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From Uruguay to China: Investing in soccer, investing in China

By Nicolas Santo | chinadaily.com.cn | Updated: 2016-12-30 15:42

Editor's Note:

In the wave of globalization and economic growth, a growing number of foreigners are coming to China in search of opportunities. With diverse aims, some choose to work in the world's second-biggest economy, or some want to experience a cross-cultural environment and successfully integrate into it, while others go on to achieve their aspirations in China. Regardless, working or living in a cross-cultural environment isn't a walk in the park. As the end of the year is a time to reflect and start fresh, we rounded up some inspirational stories of six foreigners living in China. We hope these stories can inspire you in the new year. Here is Nicolas Santo's story.

Nicolas Santo, a 29-year-old Uruguayan and a former investment consultant with the Foshan Bureau of Commerce from 2013 to 2015, is now preparing to become an entrepreneur as he launches his own projects in China.

From Uruguay to China: Investing in soccer, investing in China

Nicolas Santo poses in Yamdrok Tso Lake in the Tibet autonomous region. [Photo provided to chinadaily.com.cn] 

There are years and then there are years. For me, 2016 was certainly one to remember.

It started as a year of career transition. After two years working in the Foshan government, I decided that it was time to close that chapter and launch a few projects of my own. I felt it was time for new challenges and to allow an opportunity for other foreign professionals to gain a similar experience as I did with the Chinese government. I couldn't be prouder of what our team had achieved. From designing the best investment promotion strategy in the Chinese mainland (according to FDI Magazine of the Financial Times) to attracting investment projects from regions as diverse as Europe and Latin America. I firmly believe that the Sino-foreign team initiative greatly contributed to the city's development. For every dollar spent by the Foshan government on our team, many more dollars in foreign investments stayed in the city.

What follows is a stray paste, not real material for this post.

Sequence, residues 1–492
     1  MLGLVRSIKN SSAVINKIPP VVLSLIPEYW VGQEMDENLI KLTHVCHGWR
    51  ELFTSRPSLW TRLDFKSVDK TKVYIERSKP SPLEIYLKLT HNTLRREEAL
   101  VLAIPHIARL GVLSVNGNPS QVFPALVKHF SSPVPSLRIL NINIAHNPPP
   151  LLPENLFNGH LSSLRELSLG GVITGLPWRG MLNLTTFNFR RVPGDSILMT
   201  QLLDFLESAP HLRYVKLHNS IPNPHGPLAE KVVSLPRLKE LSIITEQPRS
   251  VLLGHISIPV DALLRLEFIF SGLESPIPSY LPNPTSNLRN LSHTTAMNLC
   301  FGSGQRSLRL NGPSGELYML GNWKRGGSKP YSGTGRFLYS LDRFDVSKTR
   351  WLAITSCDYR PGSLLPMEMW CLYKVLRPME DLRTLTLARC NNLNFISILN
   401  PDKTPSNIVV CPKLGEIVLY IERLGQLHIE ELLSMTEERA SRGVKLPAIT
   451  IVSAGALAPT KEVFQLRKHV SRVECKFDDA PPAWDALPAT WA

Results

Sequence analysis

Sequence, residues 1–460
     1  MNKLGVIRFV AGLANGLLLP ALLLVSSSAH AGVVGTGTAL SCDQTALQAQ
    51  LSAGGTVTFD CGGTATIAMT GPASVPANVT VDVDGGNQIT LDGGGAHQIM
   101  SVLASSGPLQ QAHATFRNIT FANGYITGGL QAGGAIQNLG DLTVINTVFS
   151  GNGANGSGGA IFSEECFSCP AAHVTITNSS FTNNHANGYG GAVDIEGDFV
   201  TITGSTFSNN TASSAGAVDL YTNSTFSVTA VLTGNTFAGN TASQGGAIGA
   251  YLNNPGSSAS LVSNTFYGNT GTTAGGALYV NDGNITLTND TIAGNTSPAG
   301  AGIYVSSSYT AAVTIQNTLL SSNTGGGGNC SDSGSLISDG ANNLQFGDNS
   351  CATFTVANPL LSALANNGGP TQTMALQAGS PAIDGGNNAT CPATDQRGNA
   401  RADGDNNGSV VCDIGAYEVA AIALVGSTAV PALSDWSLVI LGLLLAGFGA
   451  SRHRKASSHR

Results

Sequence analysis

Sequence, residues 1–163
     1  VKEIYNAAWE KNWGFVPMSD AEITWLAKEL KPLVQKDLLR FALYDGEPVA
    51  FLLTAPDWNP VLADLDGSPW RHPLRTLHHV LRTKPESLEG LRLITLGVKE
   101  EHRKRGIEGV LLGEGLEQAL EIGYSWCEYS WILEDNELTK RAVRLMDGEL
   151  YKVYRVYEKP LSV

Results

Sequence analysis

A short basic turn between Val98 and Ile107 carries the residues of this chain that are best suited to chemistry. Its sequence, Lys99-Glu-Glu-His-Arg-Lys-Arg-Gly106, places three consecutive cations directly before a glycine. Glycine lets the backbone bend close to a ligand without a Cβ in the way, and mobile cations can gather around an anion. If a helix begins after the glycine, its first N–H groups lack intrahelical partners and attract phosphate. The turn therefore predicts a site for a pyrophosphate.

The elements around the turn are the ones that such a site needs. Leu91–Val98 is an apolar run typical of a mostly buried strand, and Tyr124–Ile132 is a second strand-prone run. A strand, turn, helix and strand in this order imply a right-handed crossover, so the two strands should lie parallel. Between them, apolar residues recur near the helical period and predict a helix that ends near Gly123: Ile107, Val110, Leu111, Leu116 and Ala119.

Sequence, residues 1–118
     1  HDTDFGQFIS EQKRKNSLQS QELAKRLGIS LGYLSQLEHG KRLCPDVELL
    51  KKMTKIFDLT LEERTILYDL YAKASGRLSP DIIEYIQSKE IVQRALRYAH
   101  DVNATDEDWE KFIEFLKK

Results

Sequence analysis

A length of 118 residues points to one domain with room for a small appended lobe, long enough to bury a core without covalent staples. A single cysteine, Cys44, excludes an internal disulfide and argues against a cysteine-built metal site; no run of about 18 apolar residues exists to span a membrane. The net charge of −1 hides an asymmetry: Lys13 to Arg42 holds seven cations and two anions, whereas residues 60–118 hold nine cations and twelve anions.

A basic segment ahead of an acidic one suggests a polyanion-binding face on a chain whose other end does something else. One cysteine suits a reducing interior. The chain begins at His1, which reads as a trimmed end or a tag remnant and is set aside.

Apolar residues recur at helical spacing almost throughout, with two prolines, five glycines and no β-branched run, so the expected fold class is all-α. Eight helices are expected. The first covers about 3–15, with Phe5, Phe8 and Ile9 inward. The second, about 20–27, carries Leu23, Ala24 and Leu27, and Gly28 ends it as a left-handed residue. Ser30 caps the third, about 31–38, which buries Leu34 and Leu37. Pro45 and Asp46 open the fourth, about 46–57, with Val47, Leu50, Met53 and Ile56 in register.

Today I am focusing my efforts on my two passions: helping China transform its soccer culture and bridging China with the world. Together with AC Milan stars Alessandro Costacurta and Massimo Ambrosini, we are working hard to revolutionize the way Chinese families feel about soccer. We are doing this through Champions International Camps. I very much like this quote of the Argentinian writer Eduardo Sacheri: “Some argue that football has nothing to do with the most essential things in life; I don’t know how much these people know about life, but I’m certain of one thing: they know nothing about football.” Soccer can teach you about leadership, team-building and even how to pick yourself up after you fall. In an increasingly competitive world with plenty of people with the right set of hard skills, these are the soft skills that make people stand out from the crowd. We are committed to giving Chinese youth the closest thing possible to one-to-one lessons with international soccer champions.

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